If you ask the Hungarians, Bob Fosse’s renowned film Cabaret could just as well have taken place in Budapest in the 1930s. On a recent press tour to the Hungarian capital, the guide in a museum dedicated to the cabarets of that era explained to our group that “Hungarians love night clubs, and our night clubs presented similar shows long after the Berlin clubs had to close.”
Indeed, to this day Budapest boasts rich night life, and today’s equivalent, the “ruined night clubs,” which are discotheques and bars located in semi-ruined buildings, are attracting many tourists and locals.
The style of the pre-war clubs is mirrored in the operetta Countess Maritza by Hungarian composer Emmerich Kalman.
About halfway into the operetta, there is a play within a play when the countess’s guests stage a variety-cabaret show at a party held at the estate. The operetta’s director, Miklos Gabor Kerenyi (aka KERO), used this opportunity to present a fast-paced extravaganza of burlesque, Can-Can and jazz dances, as well as Hungarian folk dance, much like they did in the 1930s.
Countess Maritza will be performed at the Opera House in Tel Aviv (June 15 to 24) when the Budapest Operetta Theater returns for its annual visit.
It is as colorful and exuberant as operetta can be, with successions of lovely melodies followed by romantic scenes, catchy tunes, hilarious scenes and energetic dances, deftly executed by a group of very talented performers.
The Jewish Hungarian composer Imre (Emmerich) Kalman (1882- 1953) was one of the most successful operetta composers of his time, and Countess Maritza became a worldwide hit following its premiere in Vienna in 1924. It is a tale of love, pride and social prejudice, adorned with a lot of glitter and csardas.
Maritza, a wealthy and beautiful countess, is tired of the endless stream of suiters who she is convinced are only after her money. She decides to retire to her country estate and, upon her arrival, announces her engagement to a fictitious Baron Koloman Zsupán (the name of a character in one of Johann Strauss’s operettas).
Waiting at the estate is the gallant Count Taszilo, who works there as the farm manager under an assumed name. Taszilo has undertaken the job in order to settle his father’s debts and support his younger sister Lisa. To Maritza’s surprise, Baron Koloman Zsupán appears at the estate, claiming his fiancée. He is, we learn, Taszilo’s childhood friend Baron Istvan Liebenberg. To complicate matters further, the countess invites a young friend to the estate, who turns out to be Taszilo’s sister Lisa.
Adding to this already impossible situation are two colorful characters – the elderly Prince Dragomir, a retired army officer who has been in love with Maritza for years and provides many comic moments; and a gypsy fortune teller who predicts, to Maritza’s dismay, that she will find new love.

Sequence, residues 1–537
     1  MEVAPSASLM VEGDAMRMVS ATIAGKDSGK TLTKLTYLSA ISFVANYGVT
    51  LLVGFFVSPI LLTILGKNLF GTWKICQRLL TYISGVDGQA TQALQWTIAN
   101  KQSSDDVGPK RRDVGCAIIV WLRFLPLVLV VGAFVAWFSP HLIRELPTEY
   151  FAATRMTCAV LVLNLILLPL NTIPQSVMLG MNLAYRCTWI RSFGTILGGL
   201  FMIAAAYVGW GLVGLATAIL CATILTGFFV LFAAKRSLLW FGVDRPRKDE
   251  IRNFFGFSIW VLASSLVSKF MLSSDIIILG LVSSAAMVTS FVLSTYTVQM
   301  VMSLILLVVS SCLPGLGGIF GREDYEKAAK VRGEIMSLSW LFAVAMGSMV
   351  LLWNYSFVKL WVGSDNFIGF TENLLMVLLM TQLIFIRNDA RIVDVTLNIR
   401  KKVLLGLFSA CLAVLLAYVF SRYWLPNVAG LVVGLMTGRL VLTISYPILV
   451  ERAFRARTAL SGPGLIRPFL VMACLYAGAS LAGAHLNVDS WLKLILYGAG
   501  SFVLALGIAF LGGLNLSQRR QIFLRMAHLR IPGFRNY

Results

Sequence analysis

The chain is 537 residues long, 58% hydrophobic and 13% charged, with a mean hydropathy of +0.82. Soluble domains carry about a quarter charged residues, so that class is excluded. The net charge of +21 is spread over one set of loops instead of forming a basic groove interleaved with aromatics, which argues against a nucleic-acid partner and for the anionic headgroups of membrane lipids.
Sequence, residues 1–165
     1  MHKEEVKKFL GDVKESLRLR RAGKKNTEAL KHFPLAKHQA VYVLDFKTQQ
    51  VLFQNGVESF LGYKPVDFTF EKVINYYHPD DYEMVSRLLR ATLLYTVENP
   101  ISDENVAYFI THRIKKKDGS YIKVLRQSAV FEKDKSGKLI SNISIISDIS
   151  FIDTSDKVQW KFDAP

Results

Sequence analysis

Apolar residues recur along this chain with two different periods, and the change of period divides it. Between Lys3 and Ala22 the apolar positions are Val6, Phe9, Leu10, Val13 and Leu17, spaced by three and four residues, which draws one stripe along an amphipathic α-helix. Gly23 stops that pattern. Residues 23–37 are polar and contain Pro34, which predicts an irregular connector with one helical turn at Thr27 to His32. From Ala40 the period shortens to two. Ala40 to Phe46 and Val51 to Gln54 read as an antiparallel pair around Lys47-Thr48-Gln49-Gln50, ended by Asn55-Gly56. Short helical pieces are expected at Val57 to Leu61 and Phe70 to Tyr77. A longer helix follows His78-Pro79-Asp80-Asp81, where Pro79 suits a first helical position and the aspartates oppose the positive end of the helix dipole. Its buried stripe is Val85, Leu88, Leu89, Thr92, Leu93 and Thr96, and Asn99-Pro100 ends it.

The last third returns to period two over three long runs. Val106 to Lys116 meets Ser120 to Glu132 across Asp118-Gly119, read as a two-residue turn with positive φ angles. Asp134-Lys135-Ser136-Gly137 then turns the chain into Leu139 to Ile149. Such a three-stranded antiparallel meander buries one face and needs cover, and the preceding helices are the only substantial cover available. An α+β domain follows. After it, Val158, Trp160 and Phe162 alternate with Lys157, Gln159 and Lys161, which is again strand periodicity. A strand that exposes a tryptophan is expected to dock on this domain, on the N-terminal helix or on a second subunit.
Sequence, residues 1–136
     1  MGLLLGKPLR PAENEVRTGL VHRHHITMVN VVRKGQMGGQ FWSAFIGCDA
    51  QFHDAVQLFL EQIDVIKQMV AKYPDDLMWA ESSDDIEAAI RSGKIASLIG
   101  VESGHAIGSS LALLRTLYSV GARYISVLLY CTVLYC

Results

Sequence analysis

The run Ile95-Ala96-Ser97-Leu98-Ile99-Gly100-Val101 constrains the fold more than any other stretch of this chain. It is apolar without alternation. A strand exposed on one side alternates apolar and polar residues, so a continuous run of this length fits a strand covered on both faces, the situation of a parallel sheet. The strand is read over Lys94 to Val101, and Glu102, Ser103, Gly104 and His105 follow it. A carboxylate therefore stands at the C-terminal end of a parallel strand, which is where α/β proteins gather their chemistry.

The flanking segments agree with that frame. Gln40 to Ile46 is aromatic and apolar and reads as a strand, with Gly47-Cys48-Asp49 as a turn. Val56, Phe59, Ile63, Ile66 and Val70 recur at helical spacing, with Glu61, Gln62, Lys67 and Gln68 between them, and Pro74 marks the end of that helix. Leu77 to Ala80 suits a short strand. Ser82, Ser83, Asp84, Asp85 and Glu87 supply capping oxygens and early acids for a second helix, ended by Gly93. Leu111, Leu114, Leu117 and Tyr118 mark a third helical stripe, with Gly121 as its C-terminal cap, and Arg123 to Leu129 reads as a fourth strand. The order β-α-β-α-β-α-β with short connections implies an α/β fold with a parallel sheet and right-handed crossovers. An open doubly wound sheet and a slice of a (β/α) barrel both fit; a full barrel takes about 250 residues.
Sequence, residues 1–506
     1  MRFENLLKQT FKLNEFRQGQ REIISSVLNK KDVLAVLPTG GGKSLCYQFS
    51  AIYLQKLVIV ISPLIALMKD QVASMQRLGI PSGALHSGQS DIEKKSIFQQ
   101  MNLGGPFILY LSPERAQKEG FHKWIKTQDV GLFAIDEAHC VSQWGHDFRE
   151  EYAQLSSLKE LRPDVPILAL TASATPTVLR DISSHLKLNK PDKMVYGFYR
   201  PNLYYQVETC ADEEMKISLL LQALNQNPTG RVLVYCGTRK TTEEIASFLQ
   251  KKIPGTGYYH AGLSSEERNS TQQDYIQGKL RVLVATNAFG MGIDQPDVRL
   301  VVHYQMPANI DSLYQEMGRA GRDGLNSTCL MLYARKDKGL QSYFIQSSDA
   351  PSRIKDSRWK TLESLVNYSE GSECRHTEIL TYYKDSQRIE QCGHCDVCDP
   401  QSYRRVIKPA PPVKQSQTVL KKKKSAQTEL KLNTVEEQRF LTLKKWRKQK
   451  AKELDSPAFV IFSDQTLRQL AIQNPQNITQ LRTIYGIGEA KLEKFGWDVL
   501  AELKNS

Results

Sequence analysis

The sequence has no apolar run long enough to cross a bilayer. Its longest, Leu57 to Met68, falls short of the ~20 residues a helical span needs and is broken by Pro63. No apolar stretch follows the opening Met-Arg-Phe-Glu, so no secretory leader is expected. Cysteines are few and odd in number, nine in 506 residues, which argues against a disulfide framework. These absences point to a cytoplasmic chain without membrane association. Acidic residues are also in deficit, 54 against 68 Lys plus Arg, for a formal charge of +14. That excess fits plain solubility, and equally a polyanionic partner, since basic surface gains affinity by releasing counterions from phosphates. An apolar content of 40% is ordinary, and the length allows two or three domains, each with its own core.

The expected ensues: Lisa falls in love with Liebenberg, who together with the prince, pursues Maritza. Maritza and Taszilo fall in love with each other in spite of themselves. It all works out in the end thanks to Taszilo’s elderly rich aunt who comes for a visit.
The operetta showcases Kalman’s mastery of the operetta style. The music is orchestrated in a style that is in some places reminiscent of the early film musicals, and some of the melodies have a gypsy lilt. To the delight of the Hungarian crowds, several tunes are in the csardas form, but there is a Charleston and other styles as well.
KERO is also the artistic director of the theater, which presents a rich program of operettas every evening year round.
“We are all a family here,” he declared at a press conference following the show. Indeed, he means it in more ways than one. His son, the versatile, funny and accomplished actor-singer-dancer Miklos Mate Kerenyi, is wonderful in the role of Istvan Liebenberg; and Karo’s wife, Tünde Frankó, an accomplished opera singer, plays the role of Manja, the gypsy fortune teller, who steals the show whenever she is on stage. But it doesn’t end there. His daughter-in-law was in the production but is now on maternity leave. Her replacement, a young singer named Aisha Kardffy, was captivating with fresh energy and a lovely personality. She divulged that she had barely finished her studies at the operetta’s school when she was asked to step into the role of Lisa, and she attested that indeed the company is run like a family.
“Everyone supported me and made me feel at home when I joined the production,” she continued, declaring that as a member of “the younger generation,” she felt that operetta was as relevant to her friends as it was to the older generations in Hungary and abroad.
Kerenyi said he found operetta to be often misunderstood, where some dismiss it as an outdated art form.
“The operetta speaks to the heart and should be accessible to everyone. It is part of our Hungarian identity and culture, but our performances are also received very well by audiences around the world,” he said with pride. “I try to incorporate a lot of movement and many surprises in order to keep the audiences interested, especially the young ones.”The Budapest Operetta Theater presents ‘Countess Maritza’ on June 15 to 24 at the Opera House in Tel Aviv. For more information, go to www.israel-opera.co.il